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It's Everyone's Problem

The motor vehicle injury problem affects all Americans. The cost of personal pain and suffering, the loss of a loved one, and serious injury to a family member cannot be measured. Every person in America also bears the economic costs of motor vehicle crashes — on average, $580 a year. These include the costs of the emergency response providers, higher medical and insurance costs, and lost productivity. When individuals don't wear seat belts, these costs increase considerably because the injuries are more serious.

Because government at all levels pays some of the costs of traffic injuries, government at all levels shares the responsibility to reduce traffic injuries and costs. Publicly funded health programs and other public services, such as law enforcement and emergency medical services, are greatly impacted whenever someone is injured in a motor vehicle crash. According to a 1996 NHTSA study of 10 states, 24 percent of inpatient hospital costs are paid by Medicare, Medicaid, and other government sources. NHTSA estimates that if seat belt usage rates for front seat passengers in automobiles and light trucks were to increase from the present 68 percent to 85 percent, Medicare and Medicaid would save $275 million a year. With a 90 percent use rate, the savings would total $356 million a year!

Business also incurs enormous costs from traffic crashes through lost productivity and higher insurance and medical costs. On-the-job crashes cost employers almost $22,000 per crash and $110,000 per injury. Traffic crashes on- and off-the- job cost American business an estimated $55 billion in 1994. It pays for business to participate in solving this problem.

The health care industry shares in the economic burden produced by traffic injuries. Many health care costs of traffic injuries are either not reimbursed or are paid with taxpayer dollars.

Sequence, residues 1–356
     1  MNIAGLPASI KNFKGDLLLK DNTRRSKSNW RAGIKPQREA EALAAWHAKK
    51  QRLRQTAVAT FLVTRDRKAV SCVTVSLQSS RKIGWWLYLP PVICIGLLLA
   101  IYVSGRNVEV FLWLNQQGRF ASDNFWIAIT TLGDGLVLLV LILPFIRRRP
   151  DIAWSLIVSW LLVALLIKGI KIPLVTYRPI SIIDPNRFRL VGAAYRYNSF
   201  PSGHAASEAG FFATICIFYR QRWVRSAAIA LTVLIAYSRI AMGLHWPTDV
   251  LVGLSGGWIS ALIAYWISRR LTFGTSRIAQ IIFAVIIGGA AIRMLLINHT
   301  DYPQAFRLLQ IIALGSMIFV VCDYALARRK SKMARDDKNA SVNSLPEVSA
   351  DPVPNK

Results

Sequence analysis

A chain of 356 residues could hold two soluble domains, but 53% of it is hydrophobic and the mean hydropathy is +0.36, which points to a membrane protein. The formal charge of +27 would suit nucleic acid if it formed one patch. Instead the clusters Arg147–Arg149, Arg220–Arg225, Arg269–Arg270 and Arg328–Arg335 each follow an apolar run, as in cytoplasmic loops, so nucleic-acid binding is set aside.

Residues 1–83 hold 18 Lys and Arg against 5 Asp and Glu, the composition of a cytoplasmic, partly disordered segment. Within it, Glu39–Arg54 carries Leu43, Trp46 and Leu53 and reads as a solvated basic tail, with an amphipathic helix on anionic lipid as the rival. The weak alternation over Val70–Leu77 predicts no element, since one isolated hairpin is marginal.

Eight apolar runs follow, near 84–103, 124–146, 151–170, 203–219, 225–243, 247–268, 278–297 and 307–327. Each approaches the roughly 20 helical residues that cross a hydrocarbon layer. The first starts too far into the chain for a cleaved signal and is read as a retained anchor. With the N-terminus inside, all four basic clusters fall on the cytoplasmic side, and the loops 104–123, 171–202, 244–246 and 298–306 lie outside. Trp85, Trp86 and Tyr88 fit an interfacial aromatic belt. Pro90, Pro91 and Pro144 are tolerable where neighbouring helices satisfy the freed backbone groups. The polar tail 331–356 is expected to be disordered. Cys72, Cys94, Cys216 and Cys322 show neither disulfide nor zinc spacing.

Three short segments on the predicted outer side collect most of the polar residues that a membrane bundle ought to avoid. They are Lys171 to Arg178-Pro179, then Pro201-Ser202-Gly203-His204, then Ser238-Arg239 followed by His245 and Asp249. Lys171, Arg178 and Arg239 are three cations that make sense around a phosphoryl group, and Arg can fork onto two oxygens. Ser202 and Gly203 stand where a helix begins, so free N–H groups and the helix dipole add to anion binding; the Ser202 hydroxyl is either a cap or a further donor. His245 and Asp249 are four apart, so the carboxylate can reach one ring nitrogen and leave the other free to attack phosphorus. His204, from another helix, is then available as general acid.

Moreover, on average, hospital charges for an unbelted driver admitted as an inpatient exceed the inpatient hospital charges of a belted driver by $5,000.

Insurance premiums reflect part of the problem. When a person is injured in a motor vehicle crash, private insurance, Medicaid, Medicare, the injured person, or the victim's family pays. When the person is not properly restrained, everyone pays more. Insurance companies frequently assume the financial burden of injuries requiring long term treatment and care and pass the costs on to customers as higher premiums. If an insurance company is not involved, or if the coverage is insufficient, eventually some treatment costs are paid with taxpayer dollars.

Preventing needless injuries and deaths requires a commitment to traffic safety at all levels of government — local, state 1 , and Federal. It also requires the support of partners in private industry, citizen groups, and nonprofit organizations. Most important, this problem requires individuals to take personal responsibility for their own and their family's safety by making certain that everyone is properly buckled up, every time, on every trip.


1 References in this report to "states" apply to all 50 states, the District of Columbia, Puerto Rico, the Indian Nations, and the United States Territories of American Samoa, Guam, the Virgin Islands, and the Commonwealth of the Northern Mariana Islands.